California Correspondence.

Milpitas, Santa Clara Co.,
Cal., Dec. 3d, 1858.


Since my last letter, things have wagged on about as usual, and with the exception of an unusual earthquake, nothing of much note has transpire. This notable convulsion of nature, came off on the night of the 25th ult., and although I have heretofore spoken of California earthquakes, as "no great shakes," yet I can assure you this was not to be sneezed at, by any means.

It was just twenty minutes of one o'clock, and being somewhat unwell, I was sitting by my bed-side reading, when suddenly I was started to my feet by a heavy, dead concussion, as though a very heavy body of some hundred tons weight had fallen near the house, which was instantly followed by a violent quick shaking. I could hardly keep my feet. The timbers squeaked, the roof cracked, the doors and windows rattled furiously, the crockery and bottles on the shelf came down with a smash, the top of the chimney came crashing down upon the roof, and with an anxious regard for his devoted cranium, your honored correspondent made excellent time out through the back door. The shock only lasted, I should judge, about half a minute, and then all was still again as before. Two or three light shocks have been felt since then, but nothing worth while.

This shock was much more severely felt here, and within a few miles around, than it was elsewhere. At Santa Clara but little damage was done. At San Jose, one corner of a large concrete building in course of erection, was thrown down, and an old adobe house was also prostrated. Some few chimneys suffered, and many of the brick buildings were more or less cracked. A few bottles and other breakables, were also let down from shelves in bar-rooms and stores. Of course all the women were frightened.

In Rathbone's store at Milpitas, a whole long tier of shelves were nearly cleaned of a fine array of glass and crockery, and the next morning the proprietor had a fine mess to clean up, for the floor, back of the counter, was piled up with a rich mass of preserved fruits, pickles, candy, soap, mustard, brandy-peaches, pepper, tobacco, cheese, cigars, spices, essences, wines, and an endless variety of other little fixins, all in a state of conglomerated smash. The damage amounted to nearly or quite two hundred dollars. Creighton's store opposite, also suffered in the same manner to the extent of about twenty dollars. The chimneys of the blacksmith's shop were thrown down.

In San Francisco, it is usual created a great commotion in the Reassette House and other large hotels, and both women and men ran pell-mell from their rooms in their undergarments. Some day or other, a shock may come, strong enough to shake down these big five story brick buildings; a terrible loss of human life would be the result.

The Frazer river humbug has passed to be among the things that were, and of the many thousands that went thither, but few remain in that hard-favored region. All of my acquaintance who went have now returned, glad indeed to get back safe to this more genial clime, and most of them being in that embarrassing condition denominated "flat broke," have to begin the world anew. The last one returned, an old mining acquaintance, relates a most doleful experience of those diggings. "Thought the devilish river never would 'go down,’ and when it at last got as low as it ever will get, there wasn't any gold in it.” “A little in the bars, but a man couldn't make his salt there." “Went on a prospecting party way up a long ways above Fort Yale mountains, right up and down - awful rocks - no trail - no place for any - snow knee deep - half froze to death. Indians came upon them - robbed them - travelled three days with nothing to eat - got safe back to Fort Yale - sickness - starvation - mule meat and horse beef, great luxuries in that country - people selfish, hogs as a general thing - no protection for anything not English - no feeling for a human being,” &c., &c., and he winds up with cursing the Hudson's bay company and the whole British Possessions generally. From what accounts I can gather from those who have been there, the diggings are very limited in extent, comprising the distance between Fort Hope and Fort Yale, some fifteen or twenty miles. Hill's bar, Texas bar, Sailor's bar, and Emery's bar, seem to be the only localities where any gold has been found worth mentioning; and even on these bars, there were but few paying claims, and these were those that were the first found, and by means of which the whole excitement was got up. Victoria and Whatcom, those marvellous cities, that a few short months ago could count their population by tens of thousands, are now about deserted. They sprang up like mushrooms, they grew up like mushrooms, and now at last, they have dried up like mushrooms.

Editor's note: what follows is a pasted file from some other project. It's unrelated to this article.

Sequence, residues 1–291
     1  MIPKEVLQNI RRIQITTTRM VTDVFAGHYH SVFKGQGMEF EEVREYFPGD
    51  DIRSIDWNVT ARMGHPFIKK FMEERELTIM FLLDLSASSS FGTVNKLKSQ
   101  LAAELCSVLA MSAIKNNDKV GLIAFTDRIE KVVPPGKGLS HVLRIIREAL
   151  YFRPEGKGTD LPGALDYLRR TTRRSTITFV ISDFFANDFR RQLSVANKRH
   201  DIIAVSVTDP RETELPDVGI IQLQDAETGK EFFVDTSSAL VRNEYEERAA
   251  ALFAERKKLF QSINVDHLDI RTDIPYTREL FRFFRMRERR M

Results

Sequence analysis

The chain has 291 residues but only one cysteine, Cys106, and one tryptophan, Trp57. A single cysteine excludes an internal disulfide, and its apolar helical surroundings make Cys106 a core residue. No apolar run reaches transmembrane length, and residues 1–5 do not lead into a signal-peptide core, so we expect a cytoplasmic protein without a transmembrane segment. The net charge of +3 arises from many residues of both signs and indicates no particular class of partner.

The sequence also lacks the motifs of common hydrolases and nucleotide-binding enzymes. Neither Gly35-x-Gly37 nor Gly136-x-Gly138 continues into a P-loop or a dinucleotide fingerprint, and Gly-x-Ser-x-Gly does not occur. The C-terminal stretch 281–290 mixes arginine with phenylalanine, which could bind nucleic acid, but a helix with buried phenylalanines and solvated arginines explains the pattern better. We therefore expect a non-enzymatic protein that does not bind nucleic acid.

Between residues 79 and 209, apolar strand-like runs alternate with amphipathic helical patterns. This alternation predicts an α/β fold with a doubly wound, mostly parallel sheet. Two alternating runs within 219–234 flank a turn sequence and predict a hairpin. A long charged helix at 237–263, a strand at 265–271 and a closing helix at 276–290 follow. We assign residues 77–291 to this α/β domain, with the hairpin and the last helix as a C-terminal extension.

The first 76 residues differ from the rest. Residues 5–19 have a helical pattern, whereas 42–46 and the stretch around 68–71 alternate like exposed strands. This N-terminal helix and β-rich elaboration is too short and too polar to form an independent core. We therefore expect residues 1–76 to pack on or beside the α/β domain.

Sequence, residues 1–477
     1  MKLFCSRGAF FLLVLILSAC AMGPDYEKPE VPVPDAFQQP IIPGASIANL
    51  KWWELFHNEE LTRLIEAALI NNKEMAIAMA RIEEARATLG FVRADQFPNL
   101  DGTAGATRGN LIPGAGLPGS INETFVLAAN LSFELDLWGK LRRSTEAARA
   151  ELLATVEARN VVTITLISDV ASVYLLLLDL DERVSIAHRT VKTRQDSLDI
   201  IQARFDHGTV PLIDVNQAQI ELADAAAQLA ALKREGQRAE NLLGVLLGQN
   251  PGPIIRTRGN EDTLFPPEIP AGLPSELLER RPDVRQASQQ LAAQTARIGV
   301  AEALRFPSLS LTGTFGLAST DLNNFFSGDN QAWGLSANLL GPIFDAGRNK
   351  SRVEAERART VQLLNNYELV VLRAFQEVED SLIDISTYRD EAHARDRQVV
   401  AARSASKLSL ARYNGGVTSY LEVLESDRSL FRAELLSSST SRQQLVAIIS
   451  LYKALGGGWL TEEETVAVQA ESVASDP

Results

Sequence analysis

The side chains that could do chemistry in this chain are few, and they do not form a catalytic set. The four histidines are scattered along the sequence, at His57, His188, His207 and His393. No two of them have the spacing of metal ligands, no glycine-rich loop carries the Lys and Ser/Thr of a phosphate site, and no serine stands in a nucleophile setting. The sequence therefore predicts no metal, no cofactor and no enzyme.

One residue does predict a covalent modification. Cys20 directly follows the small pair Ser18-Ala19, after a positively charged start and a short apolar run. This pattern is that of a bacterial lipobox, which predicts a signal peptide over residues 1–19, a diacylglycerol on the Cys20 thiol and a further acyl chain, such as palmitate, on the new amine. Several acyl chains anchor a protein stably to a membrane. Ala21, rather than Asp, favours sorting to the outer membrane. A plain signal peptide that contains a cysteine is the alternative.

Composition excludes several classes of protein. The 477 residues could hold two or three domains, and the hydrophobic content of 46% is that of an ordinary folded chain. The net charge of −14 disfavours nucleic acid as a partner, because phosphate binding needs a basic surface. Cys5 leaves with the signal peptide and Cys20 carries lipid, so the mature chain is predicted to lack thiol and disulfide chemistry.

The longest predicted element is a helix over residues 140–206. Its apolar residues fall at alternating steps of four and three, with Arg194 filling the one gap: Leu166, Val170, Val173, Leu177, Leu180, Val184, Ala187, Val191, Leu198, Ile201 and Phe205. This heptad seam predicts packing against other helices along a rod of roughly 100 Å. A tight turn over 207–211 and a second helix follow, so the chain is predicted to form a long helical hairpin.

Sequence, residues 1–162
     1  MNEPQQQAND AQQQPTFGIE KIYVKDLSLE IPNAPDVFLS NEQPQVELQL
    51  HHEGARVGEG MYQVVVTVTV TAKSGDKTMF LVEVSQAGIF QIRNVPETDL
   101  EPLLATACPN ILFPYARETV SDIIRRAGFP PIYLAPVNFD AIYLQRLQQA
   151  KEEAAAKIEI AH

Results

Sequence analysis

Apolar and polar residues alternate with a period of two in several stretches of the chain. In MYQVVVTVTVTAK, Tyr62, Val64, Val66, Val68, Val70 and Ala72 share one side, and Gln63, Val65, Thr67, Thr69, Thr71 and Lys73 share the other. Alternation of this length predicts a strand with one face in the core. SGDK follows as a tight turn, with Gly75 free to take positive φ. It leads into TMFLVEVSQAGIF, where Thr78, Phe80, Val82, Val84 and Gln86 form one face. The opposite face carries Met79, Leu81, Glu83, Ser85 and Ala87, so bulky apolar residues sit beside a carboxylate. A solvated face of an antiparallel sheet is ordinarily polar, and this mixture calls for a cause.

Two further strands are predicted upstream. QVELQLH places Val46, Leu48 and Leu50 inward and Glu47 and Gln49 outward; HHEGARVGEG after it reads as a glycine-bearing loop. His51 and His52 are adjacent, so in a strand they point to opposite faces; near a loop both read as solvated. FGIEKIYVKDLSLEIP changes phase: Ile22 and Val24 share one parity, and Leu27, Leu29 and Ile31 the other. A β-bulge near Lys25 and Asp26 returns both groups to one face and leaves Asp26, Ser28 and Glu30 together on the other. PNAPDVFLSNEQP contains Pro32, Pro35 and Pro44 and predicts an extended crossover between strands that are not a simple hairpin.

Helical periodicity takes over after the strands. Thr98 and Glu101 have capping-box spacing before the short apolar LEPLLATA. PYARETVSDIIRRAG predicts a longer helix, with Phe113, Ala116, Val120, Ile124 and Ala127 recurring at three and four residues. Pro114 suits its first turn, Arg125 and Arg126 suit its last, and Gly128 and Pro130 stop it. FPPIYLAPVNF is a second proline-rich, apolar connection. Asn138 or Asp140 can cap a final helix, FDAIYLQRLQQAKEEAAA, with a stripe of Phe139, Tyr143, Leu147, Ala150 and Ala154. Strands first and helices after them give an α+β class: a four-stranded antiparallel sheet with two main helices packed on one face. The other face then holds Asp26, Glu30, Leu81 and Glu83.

Last night the wind blew furiously all night, a regular hurricane from the northward. I think it must have done some damage about San Francisco. Several trees are blown down about here, and straw-piles and hay-stacks suffered considerably. It is much the hardest blow I have known of for these last three years. It has blown strongly most all day to-day, but moderated down at sunset to a decent breeze. It blew cold, and right from the tops of the Sierra Nevada, and ice formed last night three-eighths of an inch in thickness, the first I have seen this season. We rarely see it any thicker here, but I know old Plymouth ice can beat that some.

Adios, BEN BOLT.

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